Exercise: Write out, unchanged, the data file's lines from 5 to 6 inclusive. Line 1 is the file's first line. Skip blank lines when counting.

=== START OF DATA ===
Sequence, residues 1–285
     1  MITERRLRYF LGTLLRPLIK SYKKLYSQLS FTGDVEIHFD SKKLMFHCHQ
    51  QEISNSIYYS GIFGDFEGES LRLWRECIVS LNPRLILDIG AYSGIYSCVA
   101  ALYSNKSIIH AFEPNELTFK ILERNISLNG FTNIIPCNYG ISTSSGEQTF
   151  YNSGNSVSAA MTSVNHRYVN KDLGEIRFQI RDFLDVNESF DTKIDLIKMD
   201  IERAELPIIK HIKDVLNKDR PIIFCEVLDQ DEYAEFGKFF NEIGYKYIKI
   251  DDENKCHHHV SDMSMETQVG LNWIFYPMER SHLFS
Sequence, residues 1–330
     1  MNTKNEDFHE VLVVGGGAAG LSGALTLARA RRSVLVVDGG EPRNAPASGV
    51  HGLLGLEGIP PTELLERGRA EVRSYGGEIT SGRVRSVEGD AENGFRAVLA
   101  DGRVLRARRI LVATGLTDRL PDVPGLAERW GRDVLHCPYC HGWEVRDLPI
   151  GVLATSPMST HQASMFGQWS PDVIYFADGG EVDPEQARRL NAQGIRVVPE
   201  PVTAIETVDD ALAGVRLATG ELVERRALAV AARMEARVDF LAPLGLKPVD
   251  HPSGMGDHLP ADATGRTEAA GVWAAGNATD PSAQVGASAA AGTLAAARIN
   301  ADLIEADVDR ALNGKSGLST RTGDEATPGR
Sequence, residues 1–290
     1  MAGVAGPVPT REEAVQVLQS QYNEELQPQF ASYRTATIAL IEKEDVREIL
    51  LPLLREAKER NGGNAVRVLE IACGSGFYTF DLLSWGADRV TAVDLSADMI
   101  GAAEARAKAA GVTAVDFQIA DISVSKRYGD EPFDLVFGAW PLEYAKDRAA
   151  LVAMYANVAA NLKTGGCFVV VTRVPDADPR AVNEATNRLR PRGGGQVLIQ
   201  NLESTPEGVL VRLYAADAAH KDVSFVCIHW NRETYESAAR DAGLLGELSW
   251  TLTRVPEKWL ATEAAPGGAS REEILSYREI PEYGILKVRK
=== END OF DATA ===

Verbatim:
   151  YNSGNSVSAA MTSVNHRYVN KDLGEIRFQI RDFLDVNESF DTKIDLIKMD
   201  IERAELPIIK HIKDVLNKDR PIIFCEVLDQ DEYAEFGKFF NEIGYKYIKI